Plans for a controversial NHS database drawn from GP medical records have suffered another blow, with a further delay to setting it up.
In February, health chiefs bowed to pressure by putting back the collection of data from surgeries until the autumn - admitting more time was needed to convince patients.
The hold-up followed widespread criticism that the public had been "left in the dark" over the database and had not received the leaflets explaining the project.
At the time, NHS England said it believed measures to "build public confidence", plus quality testing of the data, would allow it to plough ahead in October.
But, now, Tim Kelsey, the organisation's national director for patients and information, has abandoned the deadline for a national scheme altogether. Instead, NHS England will "work with between 100 and 500 GP practices in the autumn to test, evaluate and refine the data collection process ahead of a national roll out".
Kelsey said; "We do not subscribe to artificial deadlines here - we will roll it out nationally only when we are sure the process is right."
However, the national director mounted a strong defence of the care.data database, arguing it would:
* Ensure the highest standards of care and clinical safety are met - or allow commissioners to "shout loudly and respond quickly if standards drop".
* Reveal what happens to people cared for outside of hospital and whether their needs are being met.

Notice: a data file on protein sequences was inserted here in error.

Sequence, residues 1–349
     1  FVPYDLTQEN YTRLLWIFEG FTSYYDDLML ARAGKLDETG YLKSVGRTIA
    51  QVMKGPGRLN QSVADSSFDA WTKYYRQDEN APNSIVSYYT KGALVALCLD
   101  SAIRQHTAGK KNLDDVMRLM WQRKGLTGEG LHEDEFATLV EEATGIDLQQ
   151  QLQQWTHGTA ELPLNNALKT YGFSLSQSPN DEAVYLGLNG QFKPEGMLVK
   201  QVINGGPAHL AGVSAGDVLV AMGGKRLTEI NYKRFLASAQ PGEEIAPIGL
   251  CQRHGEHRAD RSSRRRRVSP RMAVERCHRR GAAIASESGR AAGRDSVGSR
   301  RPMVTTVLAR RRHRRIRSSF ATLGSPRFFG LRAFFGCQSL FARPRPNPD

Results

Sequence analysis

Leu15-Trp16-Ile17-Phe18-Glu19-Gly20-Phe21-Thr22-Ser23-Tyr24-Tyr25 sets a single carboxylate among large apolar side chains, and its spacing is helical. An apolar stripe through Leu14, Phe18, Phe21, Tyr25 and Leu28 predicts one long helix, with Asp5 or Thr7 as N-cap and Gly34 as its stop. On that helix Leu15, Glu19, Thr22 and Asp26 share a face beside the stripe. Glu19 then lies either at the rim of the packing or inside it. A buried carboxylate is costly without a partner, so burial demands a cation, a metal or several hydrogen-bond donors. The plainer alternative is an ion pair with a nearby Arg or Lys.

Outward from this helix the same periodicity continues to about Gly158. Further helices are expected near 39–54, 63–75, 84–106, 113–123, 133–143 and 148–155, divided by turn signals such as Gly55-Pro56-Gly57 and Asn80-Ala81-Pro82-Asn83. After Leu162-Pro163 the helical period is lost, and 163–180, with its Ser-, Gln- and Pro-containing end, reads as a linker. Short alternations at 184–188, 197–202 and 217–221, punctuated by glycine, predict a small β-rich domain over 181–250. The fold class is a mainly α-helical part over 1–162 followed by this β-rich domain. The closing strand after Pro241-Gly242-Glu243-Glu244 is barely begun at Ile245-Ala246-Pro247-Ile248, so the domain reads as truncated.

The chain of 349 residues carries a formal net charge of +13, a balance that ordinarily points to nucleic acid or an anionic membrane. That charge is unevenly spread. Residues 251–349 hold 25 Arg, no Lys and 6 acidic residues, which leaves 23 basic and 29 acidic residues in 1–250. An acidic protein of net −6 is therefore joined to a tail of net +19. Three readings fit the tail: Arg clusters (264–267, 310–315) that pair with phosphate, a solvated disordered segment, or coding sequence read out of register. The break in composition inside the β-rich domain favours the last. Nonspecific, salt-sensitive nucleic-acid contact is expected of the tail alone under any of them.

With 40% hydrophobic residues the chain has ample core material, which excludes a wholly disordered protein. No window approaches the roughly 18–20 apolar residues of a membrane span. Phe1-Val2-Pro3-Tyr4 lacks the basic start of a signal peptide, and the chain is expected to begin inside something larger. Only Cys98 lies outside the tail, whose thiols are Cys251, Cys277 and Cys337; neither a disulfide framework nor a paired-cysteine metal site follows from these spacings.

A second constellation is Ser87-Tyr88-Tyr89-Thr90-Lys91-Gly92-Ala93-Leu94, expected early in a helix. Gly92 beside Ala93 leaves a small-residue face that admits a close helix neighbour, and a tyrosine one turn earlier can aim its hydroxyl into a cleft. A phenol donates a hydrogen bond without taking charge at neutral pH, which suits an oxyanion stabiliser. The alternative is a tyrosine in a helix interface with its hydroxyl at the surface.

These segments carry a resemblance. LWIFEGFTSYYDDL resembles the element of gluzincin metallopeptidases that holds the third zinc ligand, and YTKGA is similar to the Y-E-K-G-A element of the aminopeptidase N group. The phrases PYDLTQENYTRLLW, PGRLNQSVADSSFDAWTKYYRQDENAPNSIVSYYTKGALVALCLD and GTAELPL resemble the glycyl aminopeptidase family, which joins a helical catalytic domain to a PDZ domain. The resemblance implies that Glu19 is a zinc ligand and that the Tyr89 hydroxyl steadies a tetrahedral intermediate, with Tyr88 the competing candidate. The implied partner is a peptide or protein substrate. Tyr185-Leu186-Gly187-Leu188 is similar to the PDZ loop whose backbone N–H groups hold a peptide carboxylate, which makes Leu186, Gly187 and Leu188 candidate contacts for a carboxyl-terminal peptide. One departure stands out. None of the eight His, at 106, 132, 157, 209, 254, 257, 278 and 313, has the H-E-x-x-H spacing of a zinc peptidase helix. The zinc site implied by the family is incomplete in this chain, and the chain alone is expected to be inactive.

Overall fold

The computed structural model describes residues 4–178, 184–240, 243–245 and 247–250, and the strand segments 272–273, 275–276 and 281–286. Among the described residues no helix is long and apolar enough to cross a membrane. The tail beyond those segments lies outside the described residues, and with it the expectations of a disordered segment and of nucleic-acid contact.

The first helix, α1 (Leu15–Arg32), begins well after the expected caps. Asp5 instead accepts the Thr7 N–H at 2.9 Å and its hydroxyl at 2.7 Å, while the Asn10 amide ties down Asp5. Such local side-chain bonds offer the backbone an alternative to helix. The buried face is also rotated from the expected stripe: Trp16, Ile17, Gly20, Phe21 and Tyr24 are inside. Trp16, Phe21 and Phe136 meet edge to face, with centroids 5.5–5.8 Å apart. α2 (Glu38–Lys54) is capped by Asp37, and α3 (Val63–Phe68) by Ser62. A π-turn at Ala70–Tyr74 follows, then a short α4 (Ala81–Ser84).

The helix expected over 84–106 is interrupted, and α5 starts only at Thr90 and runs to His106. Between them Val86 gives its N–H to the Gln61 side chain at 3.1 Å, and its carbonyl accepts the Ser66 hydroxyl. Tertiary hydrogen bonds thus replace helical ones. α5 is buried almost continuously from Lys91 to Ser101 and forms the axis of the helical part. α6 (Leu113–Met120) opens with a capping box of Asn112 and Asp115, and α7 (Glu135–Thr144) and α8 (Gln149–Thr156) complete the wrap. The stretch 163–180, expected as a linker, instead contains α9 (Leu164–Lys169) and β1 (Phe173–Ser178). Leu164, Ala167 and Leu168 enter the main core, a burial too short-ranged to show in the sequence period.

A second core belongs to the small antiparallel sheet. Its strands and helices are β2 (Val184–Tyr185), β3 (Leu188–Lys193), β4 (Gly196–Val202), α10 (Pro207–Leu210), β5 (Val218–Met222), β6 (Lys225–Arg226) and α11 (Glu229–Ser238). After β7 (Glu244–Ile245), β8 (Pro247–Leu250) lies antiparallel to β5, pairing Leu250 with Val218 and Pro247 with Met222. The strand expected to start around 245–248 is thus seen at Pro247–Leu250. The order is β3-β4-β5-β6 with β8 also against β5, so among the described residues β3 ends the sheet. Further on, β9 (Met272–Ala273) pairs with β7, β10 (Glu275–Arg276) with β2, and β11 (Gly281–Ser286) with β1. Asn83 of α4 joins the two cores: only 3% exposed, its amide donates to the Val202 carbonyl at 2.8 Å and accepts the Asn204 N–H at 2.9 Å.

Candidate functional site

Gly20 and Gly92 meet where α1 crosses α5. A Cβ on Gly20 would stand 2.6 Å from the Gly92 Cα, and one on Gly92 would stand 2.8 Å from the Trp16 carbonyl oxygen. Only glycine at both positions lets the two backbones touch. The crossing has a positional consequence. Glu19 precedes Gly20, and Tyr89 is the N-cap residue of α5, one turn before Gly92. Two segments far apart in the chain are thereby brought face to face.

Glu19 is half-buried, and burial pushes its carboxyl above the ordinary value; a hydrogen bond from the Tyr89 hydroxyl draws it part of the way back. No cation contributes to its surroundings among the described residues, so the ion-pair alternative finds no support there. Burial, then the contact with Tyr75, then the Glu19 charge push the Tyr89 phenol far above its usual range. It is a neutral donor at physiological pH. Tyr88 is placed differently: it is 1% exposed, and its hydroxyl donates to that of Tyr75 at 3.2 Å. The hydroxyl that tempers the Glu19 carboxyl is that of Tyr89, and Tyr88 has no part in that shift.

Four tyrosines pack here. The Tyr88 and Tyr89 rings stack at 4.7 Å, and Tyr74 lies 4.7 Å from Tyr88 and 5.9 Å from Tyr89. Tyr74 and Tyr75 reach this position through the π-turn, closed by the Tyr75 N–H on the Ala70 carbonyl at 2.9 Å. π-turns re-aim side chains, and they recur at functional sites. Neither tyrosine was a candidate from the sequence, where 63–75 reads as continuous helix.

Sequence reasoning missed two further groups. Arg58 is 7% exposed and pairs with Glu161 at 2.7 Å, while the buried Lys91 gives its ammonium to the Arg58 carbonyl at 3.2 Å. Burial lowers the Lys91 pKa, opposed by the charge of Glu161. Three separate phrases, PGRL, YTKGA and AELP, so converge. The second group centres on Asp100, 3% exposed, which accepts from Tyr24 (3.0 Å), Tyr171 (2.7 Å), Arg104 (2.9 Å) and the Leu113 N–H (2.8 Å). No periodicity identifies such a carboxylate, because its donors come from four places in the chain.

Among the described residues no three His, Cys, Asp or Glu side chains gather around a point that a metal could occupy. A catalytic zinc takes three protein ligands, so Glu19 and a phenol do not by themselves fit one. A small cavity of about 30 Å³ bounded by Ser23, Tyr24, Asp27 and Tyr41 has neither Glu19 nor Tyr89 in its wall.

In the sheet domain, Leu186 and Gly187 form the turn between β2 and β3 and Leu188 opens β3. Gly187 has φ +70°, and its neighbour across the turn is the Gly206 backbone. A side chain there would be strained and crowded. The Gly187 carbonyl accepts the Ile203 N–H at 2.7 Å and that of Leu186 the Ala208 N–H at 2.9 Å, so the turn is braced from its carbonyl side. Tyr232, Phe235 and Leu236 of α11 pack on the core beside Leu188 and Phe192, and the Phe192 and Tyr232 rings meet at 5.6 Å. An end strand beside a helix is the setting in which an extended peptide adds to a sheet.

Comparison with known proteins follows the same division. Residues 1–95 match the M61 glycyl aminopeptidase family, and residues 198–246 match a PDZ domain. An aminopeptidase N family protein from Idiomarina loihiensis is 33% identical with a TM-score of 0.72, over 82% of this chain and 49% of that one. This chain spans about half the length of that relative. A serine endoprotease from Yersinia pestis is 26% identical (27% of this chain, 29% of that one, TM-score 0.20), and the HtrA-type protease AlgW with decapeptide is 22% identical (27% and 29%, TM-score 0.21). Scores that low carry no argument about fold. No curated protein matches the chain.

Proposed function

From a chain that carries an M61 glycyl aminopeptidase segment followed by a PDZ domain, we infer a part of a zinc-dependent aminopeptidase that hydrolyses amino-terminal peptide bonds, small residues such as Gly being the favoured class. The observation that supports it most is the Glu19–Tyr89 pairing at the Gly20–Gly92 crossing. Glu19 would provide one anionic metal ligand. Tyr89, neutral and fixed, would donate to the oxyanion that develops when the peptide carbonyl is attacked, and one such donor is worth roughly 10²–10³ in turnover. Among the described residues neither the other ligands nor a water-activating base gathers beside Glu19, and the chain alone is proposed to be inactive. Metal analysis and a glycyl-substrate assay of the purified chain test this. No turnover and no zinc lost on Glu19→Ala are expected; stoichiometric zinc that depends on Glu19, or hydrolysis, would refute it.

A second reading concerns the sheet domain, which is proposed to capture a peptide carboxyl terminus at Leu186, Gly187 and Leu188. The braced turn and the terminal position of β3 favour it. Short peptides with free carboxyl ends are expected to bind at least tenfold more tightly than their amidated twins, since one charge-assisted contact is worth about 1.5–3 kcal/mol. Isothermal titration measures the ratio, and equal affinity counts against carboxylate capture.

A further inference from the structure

* Support researchers to develop new medicines and improve understanding and treatment of disease.
Kelsey said laws were already in place to ensure "robust independent scrutiny" of the scheme, preventing any uses that are not for the benefit of patients. "An organisation that wanted to handle the data on its own premises would need to demonstrate it could safely do so, or risk being barred from doing so."
It was not clear why NHS England is now only planning to begin a trial scheme in the autumn, rather than testing the data earlier - as originally intended.
Ministers and health experts say the database is needed to improve medical research and identify poor NHS care more quickly.
But critics have leapt on ministers' announcements that records - albeit, anonymised - can also be sold to health companies and drug manufacturers. There are fears that creating an enormous database will inevitably lead to sensitive medical information falling into the wrong hands.